By Stephen E. Barrar
ACORN, the Association of Community Organizations for Reform Now, has recently come under fire for supporting a culture of unethical and criminal behavior among its employees, volunteers, and those it is supposed to serve. It's unfortunate when organizations that were supposed to have a positive impact on their communities veer so far from their intended course, but that is clearly what has happened with ACORN.
With allegations of illegal activities and election fraud mounting, I applaud Congress for taking action to eliminate federal funding for this group. We cannot sit by and allow publicly funded organizations to operate outside the scope of the laws that maintain civil society. Regrettably, though, the Pennsylvania House of Representatives has refused to follow its federal counterpart and take appropriate action against ACORN.
This month, I offered a legislative amendment that would have denied public funding for partisan political organizations in Pennsylvania. Unfortunately, my calls for the responsible use of taxpayer dollars were ignored, and the amendment was not considered by the House, which is controlled by Democrats. It's disappointing that despite all the talk about reforming our state legislature, we still have lawmakers willing to give Pennsylvanians' tax dollars to ACORN.
Worse, the group is not even a legally operating charity in the commonwealth. It has been the subject of a cease-and-desist order from the Pennsylvania Department of State since 2007 for failing to meet the legal requirements to solicit charitable donations. Yet it receives thousands of dollars in state appropriations and grants.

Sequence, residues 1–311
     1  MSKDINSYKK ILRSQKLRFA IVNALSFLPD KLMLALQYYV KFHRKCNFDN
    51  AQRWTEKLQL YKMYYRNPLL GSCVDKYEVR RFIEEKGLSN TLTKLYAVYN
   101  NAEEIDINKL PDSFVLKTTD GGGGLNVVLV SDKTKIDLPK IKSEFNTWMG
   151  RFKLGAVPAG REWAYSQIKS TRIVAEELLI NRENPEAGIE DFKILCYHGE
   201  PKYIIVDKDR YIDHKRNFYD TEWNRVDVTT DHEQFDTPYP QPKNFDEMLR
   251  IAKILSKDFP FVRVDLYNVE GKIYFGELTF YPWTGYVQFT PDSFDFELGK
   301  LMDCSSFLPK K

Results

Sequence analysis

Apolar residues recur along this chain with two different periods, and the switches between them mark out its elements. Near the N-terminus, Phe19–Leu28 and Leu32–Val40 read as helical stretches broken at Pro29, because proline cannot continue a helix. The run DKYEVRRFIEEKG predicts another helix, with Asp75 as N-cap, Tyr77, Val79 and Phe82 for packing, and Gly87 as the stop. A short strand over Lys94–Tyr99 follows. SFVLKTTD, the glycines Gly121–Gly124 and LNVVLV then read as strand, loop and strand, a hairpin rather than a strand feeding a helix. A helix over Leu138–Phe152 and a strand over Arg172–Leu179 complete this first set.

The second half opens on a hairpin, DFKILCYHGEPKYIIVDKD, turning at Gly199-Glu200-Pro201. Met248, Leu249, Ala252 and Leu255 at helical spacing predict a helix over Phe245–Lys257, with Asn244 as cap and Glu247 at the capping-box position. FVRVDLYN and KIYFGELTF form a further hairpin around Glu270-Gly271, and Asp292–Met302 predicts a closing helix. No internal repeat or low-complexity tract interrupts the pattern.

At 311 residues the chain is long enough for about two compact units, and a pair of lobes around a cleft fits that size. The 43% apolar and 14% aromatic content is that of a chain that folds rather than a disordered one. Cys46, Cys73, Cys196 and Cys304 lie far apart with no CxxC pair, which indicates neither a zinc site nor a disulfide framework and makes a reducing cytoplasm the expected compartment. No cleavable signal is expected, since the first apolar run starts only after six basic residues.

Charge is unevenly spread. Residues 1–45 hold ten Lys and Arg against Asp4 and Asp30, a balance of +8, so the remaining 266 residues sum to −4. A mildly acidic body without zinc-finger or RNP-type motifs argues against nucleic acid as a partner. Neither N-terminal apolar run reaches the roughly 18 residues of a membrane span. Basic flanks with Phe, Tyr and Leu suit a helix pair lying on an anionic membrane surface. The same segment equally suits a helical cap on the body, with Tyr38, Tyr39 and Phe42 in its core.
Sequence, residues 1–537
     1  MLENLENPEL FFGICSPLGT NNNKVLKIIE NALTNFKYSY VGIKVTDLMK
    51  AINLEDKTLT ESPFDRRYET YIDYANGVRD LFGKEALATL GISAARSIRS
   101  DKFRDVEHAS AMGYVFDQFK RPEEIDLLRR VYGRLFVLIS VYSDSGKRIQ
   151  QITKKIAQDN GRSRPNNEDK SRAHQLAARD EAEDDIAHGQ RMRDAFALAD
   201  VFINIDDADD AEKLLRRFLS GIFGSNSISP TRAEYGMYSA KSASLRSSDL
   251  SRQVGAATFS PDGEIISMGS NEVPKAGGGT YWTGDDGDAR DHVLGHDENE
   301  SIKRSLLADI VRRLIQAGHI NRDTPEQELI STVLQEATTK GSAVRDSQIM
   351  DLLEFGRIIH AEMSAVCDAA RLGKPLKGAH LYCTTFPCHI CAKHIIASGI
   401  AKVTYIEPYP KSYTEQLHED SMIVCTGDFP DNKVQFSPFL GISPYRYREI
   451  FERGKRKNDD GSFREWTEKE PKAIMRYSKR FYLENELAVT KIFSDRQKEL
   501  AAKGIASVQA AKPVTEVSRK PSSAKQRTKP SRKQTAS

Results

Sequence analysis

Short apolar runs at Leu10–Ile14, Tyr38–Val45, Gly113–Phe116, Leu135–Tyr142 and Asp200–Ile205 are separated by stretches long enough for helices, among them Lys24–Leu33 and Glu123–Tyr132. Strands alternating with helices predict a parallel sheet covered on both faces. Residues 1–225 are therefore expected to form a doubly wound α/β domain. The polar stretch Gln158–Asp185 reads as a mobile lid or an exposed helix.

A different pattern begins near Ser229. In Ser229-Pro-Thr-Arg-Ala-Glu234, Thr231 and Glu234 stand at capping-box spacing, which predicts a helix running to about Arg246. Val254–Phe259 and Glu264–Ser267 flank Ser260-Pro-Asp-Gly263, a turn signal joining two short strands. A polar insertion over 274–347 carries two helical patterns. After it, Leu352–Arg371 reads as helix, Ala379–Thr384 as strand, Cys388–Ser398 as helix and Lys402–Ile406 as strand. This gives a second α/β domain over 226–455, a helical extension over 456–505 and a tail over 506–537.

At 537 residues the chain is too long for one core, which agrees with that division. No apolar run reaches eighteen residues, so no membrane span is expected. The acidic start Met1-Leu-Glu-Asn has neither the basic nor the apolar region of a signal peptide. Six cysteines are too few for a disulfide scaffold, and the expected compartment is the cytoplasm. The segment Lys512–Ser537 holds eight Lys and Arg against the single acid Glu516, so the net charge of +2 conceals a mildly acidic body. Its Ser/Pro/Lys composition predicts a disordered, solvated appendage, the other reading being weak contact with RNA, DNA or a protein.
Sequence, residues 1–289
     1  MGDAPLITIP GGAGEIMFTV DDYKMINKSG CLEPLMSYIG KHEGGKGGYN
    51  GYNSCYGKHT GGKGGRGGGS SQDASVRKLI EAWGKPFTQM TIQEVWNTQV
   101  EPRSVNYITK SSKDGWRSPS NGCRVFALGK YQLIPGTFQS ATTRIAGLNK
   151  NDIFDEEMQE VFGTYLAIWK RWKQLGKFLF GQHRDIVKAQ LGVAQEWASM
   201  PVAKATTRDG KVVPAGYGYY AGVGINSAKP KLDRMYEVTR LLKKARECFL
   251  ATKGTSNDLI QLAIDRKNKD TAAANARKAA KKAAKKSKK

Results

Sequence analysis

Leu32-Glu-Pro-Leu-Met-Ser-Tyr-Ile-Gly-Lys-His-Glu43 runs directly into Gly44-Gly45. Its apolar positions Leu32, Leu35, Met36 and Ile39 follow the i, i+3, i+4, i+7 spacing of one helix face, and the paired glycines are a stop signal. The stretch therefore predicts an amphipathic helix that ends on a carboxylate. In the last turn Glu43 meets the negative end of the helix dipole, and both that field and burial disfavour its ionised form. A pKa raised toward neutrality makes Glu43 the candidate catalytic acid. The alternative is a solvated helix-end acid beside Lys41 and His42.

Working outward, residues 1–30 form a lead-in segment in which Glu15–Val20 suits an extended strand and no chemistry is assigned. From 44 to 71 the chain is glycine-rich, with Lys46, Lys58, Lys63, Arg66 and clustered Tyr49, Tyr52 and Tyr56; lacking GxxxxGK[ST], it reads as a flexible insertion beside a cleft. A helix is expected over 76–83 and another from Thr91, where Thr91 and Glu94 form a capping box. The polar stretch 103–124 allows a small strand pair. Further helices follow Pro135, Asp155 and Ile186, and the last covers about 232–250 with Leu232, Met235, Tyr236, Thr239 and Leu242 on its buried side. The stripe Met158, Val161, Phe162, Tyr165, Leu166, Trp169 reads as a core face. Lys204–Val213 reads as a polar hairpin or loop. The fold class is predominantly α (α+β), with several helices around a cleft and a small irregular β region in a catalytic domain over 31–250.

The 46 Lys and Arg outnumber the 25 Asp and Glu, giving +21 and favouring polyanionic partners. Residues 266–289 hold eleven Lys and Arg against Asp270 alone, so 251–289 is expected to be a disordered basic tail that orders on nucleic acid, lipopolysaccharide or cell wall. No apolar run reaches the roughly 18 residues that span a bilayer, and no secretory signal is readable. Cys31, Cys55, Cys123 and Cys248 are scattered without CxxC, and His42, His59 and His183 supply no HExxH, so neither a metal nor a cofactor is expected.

Some preliminary research by my office has uncovered more than $200,000 in state grants to ACORN over the past few years. I am in the process of filing for additional information on state funding of ACORN under the Right to Know Law so I can determine the full extent to which this organization is supported by state taxpayers' dollars.
If we are to truly reform state government, we must certainly reform our use of public funds. I will continue my fight to eliminate state funding for ACORN, and I implore my colleagues across the aisle to reconsider their decision to persist in using public funds to support organizations involved in alleged criminal activity.
In addition to my amendment to cut off appropriations to ACORN and other partisan groups, I have authored legislation that would bar such organizations from receiving funds from the Pennsylvania Housing Finance Agency. This prohibition would include groups that actively participate in partisan politics, as well as any organizations that "knowingly advise or counsel any person to engage in illegal activities."
Furthermore, the House State Government Committee should consider a formal legislative request that the state attorney general investigate ACORN. Although some members of the House may have ties to ACORN, the people of Pennsylvania have a right to know that public money is going only to those organizations that abide by the law.